Learn about the many percussion instruments from expert musicians with the U.S. Marine Band. Includes demonstrations of the snare drum, xylophone, timpani, gongs, cymbals and more.
Want to join the conversation?
- there are too many music instrument, how can I choose for me an instrument?(4 votes)
- I would suggest doing some experimentation. it's hard to know which instrument you'll like until you try some. go to music stores, test out instruments, and see if you can find one that you like.(8 votes)
- This video is really wonderful. I dont have any idea about some of this instruments. And I know absolutely nothing about composers in this video. Please, can you write me some information about them? William Schuman, Vincent Persichetti, Bright Sheng, Percy Grainger. And where can I listen all pieces from this video? Thank you very much.(2 votes)
- There are some instrument that I can't play, how can I play it(1 vote)
- I am a drummer.Joining a band directly can be devastating and embarrassing. i did that mistake. first learn the basics of the instrument from a professional. then it is your choice if u wanna learn it on your own or continue with learning from a teacher.(2 votes)
- This video is pretty cool. Honestly I play percussion in my school. Looks alright to me. oh and why do you call the Timpani a "Timpani"? Timpani translate to something actually...(1 vote)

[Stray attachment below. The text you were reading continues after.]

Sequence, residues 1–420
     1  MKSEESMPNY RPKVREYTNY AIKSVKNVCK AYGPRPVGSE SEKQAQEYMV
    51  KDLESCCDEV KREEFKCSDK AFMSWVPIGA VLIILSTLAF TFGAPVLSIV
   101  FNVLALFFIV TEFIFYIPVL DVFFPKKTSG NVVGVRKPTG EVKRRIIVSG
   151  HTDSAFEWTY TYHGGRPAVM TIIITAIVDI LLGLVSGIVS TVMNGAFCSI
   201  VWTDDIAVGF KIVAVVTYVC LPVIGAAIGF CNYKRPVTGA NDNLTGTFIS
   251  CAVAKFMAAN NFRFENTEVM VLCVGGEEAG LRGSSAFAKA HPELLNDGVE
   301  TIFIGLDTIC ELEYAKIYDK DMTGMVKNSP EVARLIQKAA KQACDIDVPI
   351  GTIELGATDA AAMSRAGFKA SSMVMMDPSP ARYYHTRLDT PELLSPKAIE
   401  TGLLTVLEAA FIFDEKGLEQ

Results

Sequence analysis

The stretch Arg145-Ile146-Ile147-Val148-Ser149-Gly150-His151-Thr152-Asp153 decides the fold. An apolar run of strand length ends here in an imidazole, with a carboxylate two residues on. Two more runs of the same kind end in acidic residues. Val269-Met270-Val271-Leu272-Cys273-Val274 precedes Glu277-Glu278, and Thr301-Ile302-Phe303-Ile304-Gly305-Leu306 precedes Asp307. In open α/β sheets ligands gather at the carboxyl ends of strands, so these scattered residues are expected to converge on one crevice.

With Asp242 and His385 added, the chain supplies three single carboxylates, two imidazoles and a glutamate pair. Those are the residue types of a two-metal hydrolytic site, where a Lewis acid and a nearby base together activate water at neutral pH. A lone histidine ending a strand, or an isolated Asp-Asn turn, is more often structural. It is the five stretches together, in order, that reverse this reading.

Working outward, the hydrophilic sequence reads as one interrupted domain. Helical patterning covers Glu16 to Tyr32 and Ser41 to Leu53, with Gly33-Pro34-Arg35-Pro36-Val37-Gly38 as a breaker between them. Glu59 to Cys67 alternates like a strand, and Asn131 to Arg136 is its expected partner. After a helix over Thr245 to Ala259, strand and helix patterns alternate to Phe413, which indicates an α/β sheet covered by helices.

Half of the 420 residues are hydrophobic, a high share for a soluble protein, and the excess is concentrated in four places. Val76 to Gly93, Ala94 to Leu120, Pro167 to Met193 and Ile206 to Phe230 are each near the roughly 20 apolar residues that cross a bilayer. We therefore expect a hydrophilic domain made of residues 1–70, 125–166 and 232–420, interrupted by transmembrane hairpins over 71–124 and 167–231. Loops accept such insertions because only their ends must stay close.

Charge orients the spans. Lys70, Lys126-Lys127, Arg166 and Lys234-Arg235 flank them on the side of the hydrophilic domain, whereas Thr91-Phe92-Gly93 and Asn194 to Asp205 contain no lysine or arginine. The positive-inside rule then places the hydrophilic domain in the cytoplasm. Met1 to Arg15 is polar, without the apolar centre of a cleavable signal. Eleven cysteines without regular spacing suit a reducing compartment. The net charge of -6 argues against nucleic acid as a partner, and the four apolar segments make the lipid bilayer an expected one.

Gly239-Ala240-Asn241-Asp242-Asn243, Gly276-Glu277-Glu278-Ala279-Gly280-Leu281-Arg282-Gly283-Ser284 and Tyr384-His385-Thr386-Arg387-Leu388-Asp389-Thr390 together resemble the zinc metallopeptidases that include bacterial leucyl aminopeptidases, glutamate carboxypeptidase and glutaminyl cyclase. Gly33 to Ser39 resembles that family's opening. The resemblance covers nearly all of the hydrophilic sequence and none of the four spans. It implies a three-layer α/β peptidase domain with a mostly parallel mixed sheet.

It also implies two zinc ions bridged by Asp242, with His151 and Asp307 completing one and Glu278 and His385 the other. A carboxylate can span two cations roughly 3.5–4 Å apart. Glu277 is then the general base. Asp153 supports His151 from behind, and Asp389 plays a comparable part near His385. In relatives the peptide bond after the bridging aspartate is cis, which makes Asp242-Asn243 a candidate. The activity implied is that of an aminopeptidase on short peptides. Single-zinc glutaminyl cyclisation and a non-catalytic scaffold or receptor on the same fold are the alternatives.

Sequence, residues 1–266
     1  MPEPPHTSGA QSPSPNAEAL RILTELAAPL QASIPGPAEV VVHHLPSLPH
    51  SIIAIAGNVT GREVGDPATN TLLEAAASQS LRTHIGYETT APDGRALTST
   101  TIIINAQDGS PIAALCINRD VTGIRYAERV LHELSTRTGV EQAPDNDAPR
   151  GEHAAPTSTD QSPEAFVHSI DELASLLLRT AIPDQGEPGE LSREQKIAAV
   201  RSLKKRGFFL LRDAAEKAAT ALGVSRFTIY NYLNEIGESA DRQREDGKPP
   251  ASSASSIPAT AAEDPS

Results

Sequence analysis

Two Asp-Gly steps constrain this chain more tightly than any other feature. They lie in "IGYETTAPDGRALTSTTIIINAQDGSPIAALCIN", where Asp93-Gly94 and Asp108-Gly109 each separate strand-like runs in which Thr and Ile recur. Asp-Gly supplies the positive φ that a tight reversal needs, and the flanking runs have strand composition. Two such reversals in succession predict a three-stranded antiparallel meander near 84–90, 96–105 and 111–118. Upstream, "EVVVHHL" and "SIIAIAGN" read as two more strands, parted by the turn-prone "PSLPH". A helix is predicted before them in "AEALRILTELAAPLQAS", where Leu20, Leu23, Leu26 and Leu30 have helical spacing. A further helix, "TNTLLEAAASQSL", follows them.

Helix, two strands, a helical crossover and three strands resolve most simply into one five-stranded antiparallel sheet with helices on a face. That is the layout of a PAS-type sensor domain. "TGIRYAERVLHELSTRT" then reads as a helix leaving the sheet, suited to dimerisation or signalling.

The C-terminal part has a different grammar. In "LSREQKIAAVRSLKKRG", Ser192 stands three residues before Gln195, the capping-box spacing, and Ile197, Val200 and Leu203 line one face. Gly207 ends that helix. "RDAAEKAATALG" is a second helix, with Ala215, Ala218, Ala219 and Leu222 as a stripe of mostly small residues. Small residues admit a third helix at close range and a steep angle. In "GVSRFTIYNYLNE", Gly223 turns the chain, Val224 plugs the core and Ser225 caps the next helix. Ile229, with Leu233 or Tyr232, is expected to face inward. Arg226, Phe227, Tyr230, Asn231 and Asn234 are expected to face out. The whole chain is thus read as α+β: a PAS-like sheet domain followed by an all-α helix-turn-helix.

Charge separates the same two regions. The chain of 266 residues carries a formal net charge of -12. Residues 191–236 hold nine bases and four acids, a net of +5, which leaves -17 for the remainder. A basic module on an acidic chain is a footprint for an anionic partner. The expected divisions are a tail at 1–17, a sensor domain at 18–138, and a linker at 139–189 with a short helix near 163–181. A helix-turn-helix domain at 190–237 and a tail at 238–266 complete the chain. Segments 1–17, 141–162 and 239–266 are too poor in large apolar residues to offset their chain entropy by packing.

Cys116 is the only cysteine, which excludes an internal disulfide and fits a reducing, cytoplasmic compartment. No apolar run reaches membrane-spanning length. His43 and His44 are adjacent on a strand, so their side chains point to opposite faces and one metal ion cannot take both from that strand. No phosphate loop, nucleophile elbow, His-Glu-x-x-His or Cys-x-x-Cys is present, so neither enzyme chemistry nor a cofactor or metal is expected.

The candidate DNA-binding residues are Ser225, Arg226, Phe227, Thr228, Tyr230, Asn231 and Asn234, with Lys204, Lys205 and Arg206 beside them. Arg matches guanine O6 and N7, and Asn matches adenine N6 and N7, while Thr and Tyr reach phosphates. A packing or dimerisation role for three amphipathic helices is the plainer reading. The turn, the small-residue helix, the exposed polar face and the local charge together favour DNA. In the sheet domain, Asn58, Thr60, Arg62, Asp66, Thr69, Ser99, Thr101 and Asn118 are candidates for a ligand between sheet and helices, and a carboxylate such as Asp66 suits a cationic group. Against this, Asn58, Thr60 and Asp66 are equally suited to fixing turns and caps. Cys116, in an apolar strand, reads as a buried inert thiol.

(dramatic music) - One of the pieces that we're playing is "New England Triptych" by William Schuman. It has a very significant timpani part. The first movement is called "Be Glad Then, America." (plays timpani) So with this excerpt that I just performed, it's important to play musically, to play with phrasing and interest so that the listener has something to focus in on. In the same work, there is an extended louder solo which has a lot of jazz influences. (dramatic music) - Drums were one of the first instruments in the Marine Band when we started with fifes and drums 200 and something years ago. I'm playing the snare drum, and because of some of the many different pieces that we're playing, it requires us to have as many different drums as we can. Some are called tenor drums. Some are called snare drums. They all have different sizes and pitches. (plays drums) I'd like to demonstrate a piece that we're playing by William Schuman. It's "New England Triptych." It's the third movement, "Chester." It's actually an excerpt that we play all the time. In fact, it was one of the pieces that we actually had to play to get into the Marine Band. (plays drum) (solemn music) - One of the great things about being a percussionist is we get to play all these different instruments, and one of the great things about being in a concert band is that the repertoire might ask you to play so many of these different instruments within the same program. Now, one of the pieces we've been performing is Vincent Persichetti's "Masquerade for Band," and for that piece I've been able to play the mallet instruments. And while it includes both xylophone and glockenspiel, I'm gonna be demonstrating some of the xylophone licks for you. Now, the cool thing about the xylophone is it can take on many different roles, whether it's more of an accompanying kind of a passage where you might be using softer mallets, or in this case, a lotta soloistic stuff, which is kind of hard, bombastic, and in your face. Or maybe a little bit delicate, kind of sound effecty stuff. (plays xylophone) (dramatic music) - We'd like to give you a demonstration on some of the auxiliary percussion instruments that we play in the section, namely cymbals and gongs. Now, you may be familiar with the traditional cymbals that you use in bands and orchestras. They sound something like this. (plays cymbals) Now I'd like to show you some instruments from China, namely the Peking opera gongs and the Peking cymbals. They have a totally different sound than our traditional cymbals. They come in different sizes and make different timbres. (plays cymbals) The pitches are made to represent some of the words that are spoken in the Chinese language. (plays cymbals) You can also do other effects with them. (plays cymbals) - So you've seen the Peking opera cymbals. Now these are the Peking opera gongs. Now, when you think of a gong, you probably think of a large tam-tam that gives you that big whoosh sound. These sound a little bit different. These actually have a pitch to them, and the pitch, once you strike it, can either bend up or bend down. Let me demonstrate. (plays gong) As you can hear, that bends up. (plays gong) And that one distinctly bends down. Pretty cool, huh? (percussive music) - I'd like to tell you about one of the most unusual instruments that we have in our collection. This represents the deacon staff bells that composer Percy Grainger originally wrote for over 100 years ago. Now, originally this was a novelty instrument that was primarily used during the Vaudeville era, but Mr. Grainger wanted to incorporate the sound of this into his music as part of what he called tuneful percussion, which basically means pitched percussion instruments like marimba, xylophone, bells or glockenspiel, and chimes. So what we have here are Swiss hand bells, and they're suspended on a rack, and I'm gonna be playing them with some hard mallets. I'll play for you now an excerpt from Grainger's Lincolnshire Posy. (plays bells) (dramatic music)